After three recent reporting trips to southern New Mexico, I can’t quite get my head around this:
It’s the Rio Grande. The entire stretch through southern New Mexico has been completely dry since last summer, save for a few places where groundwater seeps, either hydrothermal stuff or leakage from upstream dams, wet the channel. Susan Montoya Bryan, a journalist pal with the AP who’s been grappling same as me with how to explain the drought, wrote this:
Only puddles remain, leaving gangs of carp to huddle together in a desperate effort to avoid the fate of thousands of freshwater clams, their shells empty and broken on the river bottom.
There’s a lot of left brain explaining to be done, involving climate variability, water management decisions, upstream dams and downstream farmers. Mostly that’s what I do. But there was something gut going on when I walked out onto the dry riverbed today, past the old tire and the off-roaders’ tread marks, beneath a swarm of cliff swallows that had built mud nests in the nearby bridge abutment, waiting for the bugs.
Will there be enough bugs?
We need a new phrase for ‘new normal’.
When I was young, there were several fewer reservoirs and diversions on the Rio Grande. We frequently crossed the Rio Grande and we played a sort of game, “water no water”. I remember times when it seemed the river would never have water in it again… These wet and dry cycles and occasional flooding were instrumental to the survival of the Silver Minnow and surely an entirely different river ecology. Building wetlands instead of levies would have been so much more understanding… I suppose the mentality of conquest of Nature goes with something call the Army Corp of Engineers?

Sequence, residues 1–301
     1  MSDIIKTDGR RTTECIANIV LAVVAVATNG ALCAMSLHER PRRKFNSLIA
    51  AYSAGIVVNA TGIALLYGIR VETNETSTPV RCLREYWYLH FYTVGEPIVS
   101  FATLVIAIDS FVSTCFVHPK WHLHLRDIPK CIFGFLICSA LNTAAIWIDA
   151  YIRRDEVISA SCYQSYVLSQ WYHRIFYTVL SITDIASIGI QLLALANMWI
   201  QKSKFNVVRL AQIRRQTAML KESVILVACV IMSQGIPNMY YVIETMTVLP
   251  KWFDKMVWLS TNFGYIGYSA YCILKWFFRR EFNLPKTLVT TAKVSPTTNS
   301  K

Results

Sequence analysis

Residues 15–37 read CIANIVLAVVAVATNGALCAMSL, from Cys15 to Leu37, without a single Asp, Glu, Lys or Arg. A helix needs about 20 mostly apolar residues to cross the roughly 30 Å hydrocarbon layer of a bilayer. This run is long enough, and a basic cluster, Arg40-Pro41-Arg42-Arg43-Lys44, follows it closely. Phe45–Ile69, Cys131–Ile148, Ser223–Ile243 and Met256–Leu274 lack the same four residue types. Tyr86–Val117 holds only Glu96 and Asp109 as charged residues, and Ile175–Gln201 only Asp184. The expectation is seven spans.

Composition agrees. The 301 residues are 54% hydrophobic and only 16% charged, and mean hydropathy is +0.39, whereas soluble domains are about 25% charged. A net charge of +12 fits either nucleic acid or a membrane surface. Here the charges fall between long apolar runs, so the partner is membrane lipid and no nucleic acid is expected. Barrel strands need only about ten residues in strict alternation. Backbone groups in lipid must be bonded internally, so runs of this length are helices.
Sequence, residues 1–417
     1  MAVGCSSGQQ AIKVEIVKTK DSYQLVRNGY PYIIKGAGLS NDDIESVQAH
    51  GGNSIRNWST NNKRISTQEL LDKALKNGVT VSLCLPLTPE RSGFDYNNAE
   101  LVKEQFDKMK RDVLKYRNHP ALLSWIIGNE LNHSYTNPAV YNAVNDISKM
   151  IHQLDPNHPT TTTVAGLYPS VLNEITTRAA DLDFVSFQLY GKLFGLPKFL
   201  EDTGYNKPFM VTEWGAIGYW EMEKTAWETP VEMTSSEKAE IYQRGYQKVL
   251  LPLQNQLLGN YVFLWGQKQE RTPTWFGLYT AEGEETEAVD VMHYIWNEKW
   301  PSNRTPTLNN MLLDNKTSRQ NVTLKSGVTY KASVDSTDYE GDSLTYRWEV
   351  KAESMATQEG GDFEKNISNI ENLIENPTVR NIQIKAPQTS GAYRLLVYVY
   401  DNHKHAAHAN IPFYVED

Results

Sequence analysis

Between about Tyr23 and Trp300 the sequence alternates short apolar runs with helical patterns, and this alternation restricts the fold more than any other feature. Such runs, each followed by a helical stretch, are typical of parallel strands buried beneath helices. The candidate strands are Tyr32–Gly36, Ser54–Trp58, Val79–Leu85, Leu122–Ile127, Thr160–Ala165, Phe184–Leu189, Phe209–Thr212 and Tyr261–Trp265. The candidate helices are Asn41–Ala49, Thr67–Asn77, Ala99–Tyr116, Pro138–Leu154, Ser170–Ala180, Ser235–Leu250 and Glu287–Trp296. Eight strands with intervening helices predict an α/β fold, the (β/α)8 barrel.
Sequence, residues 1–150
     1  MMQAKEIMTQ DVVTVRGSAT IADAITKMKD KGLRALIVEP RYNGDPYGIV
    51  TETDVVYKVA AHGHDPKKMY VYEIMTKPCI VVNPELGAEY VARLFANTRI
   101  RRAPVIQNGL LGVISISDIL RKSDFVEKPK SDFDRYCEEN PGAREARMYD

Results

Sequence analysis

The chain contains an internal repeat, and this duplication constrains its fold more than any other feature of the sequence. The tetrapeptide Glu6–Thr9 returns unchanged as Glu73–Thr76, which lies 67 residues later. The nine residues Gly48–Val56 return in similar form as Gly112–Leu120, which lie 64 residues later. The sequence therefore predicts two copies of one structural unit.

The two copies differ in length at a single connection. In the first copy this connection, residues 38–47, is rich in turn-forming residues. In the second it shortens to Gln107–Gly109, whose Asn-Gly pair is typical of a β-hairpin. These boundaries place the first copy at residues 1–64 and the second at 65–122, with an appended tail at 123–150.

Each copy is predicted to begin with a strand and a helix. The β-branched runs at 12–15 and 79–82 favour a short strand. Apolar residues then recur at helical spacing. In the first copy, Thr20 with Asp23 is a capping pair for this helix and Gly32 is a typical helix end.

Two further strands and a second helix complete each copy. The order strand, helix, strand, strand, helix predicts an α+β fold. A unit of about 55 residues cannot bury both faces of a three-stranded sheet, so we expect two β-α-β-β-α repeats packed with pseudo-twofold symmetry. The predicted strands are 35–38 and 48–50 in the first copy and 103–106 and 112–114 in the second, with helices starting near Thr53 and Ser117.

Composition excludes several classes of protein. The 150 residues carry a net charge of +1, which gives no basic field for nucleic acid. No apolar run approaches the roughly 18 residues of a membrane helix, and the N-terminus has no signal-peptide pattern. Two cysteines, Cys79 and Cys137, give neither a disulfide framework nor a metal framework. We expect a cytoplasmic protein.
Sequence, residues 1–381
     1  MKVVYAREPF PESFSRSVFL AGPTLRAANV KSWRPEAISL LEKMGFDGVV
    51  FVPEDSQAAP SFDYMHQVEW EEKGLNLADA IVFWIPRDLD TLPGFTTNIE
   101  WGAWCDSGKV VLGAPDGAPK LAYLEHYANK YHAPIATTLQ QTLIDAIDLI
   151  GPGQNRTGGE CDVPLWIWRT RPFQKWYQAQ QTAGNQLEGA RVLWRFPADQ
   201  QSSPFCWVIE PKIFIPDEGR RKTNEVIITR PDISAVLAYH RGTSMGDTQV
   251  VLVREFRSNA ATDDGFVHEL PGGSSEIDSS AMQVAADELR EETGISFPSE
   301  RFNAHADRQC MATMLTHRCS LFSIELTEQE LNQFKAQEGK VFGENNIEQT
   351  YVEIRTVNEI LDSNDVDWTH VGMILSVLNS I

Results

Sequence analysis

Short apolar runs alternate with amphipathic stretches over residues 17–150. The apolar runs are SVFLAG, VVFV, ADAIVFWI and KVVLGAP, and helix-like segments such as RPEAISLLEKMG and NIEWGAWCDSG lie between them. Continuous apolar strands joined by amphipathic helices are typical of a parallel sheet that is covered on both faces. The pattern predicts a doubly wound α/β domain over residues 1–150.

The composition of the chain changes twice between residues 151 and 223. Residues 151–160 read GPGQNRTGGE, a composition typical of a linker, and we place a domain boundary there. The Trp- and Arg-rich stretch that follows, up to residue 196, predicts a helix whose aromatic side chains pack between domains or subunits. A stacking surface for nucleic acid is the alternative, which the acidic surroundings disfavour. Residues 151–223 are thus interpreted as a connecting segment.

Yes, surely we have over used the precious resources, water and everything else in New Mexico, but a “full river” depends on the reservoirs and that is a bit of an illusion.
The river will survive, full or empty and it will have another day as drought subsides and snow pack returns. Though I wonder whether humans will vanish along with the water for a season? And if they do come back, after withstanding their self made ecological collapse, will they tell stories to remind them to abandon the ways that abhors the ecology from whence they come?
@Philipn – Thanks for the comments.
The stretch of river where the picture was taken, below Elephant Butte, is heavily managed. But since the dam was closed in 1916, the USGS gauge records show that it has never been dry this late in the spring. Since the 1950s, they’ve often dried the river there through the winter. But for essentially a century its operation as a human-managed system, where all water depends on dam releases, it’s never been this dry there. And as for the silvery minnow, it was long ago extirpated from that stretch of the river. It survived natural wet and dry cycles, but not human management.
“Heavily managed” = vulnerable to management mistakes (unless dry is allowed). Time to talk about environmental base flows as a constraint on ALL other uses.
David – Dry is, in fact, allowed. The environmental base flow horse long ago left this barn.
It is pretty shocking to stumble out into a dead river.
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